The book about Johann Theodor de Bry’s Neiw Kunstliches Alphabet that I mentioned a couple of weeks ago was one of a set of four alphabet-themed volumes by Joseph Kiermeier-Debre and Fritz Franz Vogel that I’d purchased via abebooks from Bücher Thöne of Greven, Nordrhein-Westfalen, Germany. These were originally published by Ravensburger in 1997-98, and seem to have since been re-issued by Urania-Verlag, of Stuttgart. The other three volumes were concerned with the calligraphic alphabet of Paulus Franck, the Alfabeto Pittorico of Antonio Basoli, and the Architectonisches Alphabeth of Johann David Steingruber. It is from this last book that the present images are scanned:
In Steingruber’s alphabet, published in 1773, each letter of the alphabet is made into a plan of a palatial building. In some cases, as with A, there are two alternative plans. Accompanying texts explain the designs: in the case of A, there is a grand hall at the apex of the building, while its crossbar comprises a central passageway flanked by a pair of arcaded hallways, and, at the letter’s feet there are ‘cabinets’ and ‘garderobes.’ E is intended to house two sets of apartments, with main entrances top & bottom, and a chapel in the central prong of the building, which, Steingruber concedes, could equally well be made into a grand staircase, or a special reception room.
Some letters make for more conventional buildings than others: H ‘lends itself admirably to a design for a palace in the country for a personage of consequence,' whereas S must yield a ‘curiosity, rather than a workable building.’ Even so, Steingruber has thought hard at making his S a suitably royal residence, with a pair of circular reception rooms, a quartet of spiral staircases, and a dozen servants’ rooms at the extremeties of the building, some of whose occupants would be granted the peculiar pleasure of inhabiting a serif. the Z building is another which provided the architect with a challenge, but by blunting its outward angles, and softenting its inward ones with rounded cabinets; and by carefully shaping and arranging rooms and stairwells; he is able to complete the alphabet to his satisfaction.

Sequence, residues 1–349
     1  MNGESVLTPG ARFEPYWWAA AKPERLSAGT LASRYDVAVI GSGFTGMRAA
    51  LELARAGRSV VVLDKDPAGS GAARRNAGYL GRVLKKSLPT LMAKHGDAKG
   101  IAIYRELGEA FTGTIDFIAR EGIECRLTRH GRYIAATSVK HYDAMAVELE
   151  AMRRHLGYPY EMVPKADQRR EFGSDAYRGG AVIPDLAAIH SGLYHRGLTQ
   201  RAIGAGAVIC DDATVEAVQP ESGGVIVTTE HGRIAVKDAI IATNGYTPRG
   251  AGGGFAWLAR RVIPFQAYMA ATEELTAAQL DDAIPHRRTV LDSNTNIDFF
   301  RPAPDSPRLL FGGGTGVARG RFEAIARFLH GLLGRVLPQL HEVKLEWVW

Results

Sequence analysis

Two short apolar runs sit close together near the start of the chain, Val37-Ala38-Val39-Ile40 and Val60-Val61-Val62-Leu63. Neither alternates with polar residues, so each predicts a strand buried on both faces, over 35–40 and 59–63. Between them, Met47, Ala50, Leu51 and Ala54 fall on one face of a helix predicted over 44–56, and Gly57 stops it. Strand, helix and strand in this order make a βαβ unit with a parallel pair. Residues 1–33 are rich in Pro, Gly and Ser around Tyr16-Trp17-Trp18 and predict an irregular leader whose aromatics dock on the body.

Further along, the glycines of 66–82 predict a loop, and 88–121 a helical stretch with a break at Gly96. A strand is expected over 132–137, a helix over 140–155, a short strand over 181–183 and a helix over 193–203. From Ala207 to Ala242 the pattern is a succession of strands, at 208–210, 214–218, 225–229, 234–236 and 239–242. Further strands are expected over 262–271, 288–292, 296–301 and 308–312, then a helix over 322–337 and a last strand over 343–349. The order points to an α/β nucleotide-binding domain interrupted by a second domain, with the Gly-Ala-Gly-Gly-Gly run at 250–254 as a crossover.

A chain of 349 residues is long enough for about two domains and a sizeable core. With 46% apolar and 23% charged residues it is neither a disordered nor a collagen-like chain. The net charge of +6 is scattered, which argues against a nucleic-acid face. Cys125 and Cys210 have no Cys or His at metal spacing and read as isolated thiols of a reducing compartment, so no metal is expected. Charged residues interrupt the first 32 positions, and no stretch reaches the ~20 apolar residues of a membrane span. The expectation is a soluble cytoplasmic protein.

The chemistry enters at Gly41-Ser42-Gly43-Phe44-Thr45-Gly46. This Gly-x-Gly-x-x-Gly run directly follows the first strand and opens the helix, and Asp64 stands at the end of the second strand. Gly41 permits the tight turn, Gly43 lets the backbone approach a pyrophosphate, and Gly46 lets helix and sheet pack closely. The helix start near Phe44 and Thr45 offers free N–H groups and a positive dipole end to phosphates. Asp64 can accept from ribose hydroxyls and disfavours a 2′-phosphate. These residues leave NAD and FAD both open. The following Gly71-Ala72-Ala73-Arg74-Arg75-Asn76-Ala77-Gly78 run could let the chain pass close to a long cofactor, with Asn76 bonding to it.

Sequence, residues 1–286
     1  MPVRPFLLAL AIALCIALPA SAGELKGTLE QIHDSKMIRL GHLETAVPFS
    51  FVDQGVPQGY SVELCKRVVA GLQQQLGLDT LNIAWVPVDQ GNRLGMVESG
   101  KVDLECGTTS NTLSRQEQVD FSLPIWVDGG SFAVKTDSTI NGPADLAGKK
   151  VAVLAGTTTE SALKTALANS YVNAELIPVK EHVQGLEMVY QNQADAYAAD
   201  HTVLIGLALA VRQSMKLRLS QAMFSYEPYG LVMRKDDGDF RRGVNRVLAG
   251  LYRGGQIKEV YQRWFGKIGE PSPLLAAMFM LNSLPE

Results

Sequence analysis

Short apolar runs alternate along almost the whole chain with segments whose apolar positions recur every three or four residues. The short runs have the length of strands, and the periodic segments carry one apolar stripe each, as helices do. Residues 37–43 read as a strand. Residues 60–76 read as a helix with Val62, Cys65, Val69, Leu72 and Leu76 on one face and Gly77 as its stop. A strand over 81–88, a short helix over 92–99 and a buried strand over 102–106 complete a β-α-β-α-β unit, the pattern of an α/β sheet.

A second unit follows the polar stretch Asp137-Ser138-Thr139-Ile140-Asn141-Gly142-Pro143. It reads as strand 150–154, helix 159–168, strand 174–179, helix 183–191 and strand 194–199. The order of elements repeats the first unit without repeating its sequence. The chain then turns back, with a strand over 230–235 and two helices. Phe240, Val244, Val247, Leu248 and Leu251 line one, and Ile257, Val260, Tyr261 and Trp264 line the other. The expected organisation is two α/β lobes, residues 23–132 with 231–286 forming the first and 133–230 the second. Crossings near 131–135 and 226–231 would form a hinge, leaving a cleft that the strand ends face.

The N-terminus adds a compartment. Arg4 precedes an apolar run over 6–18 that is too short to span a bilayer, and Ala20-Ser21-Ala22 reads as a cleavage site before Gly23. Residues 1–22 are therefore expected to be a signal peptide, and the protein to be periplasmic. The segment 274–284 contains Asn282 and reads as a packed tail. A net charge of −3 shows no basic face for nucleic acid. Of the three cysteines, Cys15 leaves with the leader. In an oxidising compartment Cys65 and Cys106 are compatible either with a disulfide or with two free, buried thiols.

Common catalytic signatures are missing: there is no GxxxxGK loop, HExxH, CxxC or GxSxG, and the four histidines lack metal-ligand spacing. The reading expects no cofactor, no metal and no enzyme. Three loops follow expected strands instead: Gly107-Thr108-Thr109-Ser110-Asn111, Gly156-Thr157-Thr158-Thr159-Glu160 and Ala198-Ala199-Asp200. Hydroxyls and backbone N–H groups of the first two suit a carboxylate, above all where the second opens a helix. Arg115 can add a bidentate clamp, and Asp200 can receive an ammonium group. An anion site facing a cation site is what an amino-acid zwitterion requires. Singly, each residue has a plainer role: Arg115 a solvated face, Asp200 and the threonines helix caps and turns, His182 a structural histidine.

Steingruber (1702-87) was the son of a master mason from a place called Wassertrüdingen an der Wörnitz, near the town of Dinkelsbühl. After an apprenticeship in which he worked on constructing palaces at Mannheim and Rastatt, he came to work at the Brandenburg court at Ansbach in the service of the margrave Friedrich Carl Alexander. He was soon appointed court & public surveyor, and was later made principal architect of the board of works. Besides completing many building projects, Steingruber expounded on architectural theory in his books Architeccture Civile (ca. 1748) and Practica Bürgerlicher Baukunst (Practical Course in Civil Architecture, 1763).
In their book, Kiermeier-Debre and Vogel mention other architects who had proposed constructions from alphabetical foundations: one Anton Glonner, a contemporary of Steingruber’s, designed a Jesuit church and college around that order’s ‘IHS’ monogram, while others sought to build up from their own initials. More interestingly, almost a century before the publication of Steingruber’s alphabet, a French architect named Thomas Gobert (1625-90) had compiled a manuscript Traitté d’Architecture dedié à Louis XIV which included a series of building-plans which spelled, in stylised letters, the words ‘LOVIS LE GRAND’ (Louis the Great). Click on the images above to see them enlarged.Posted by misteraitch at October 29, 2005 10:08 AM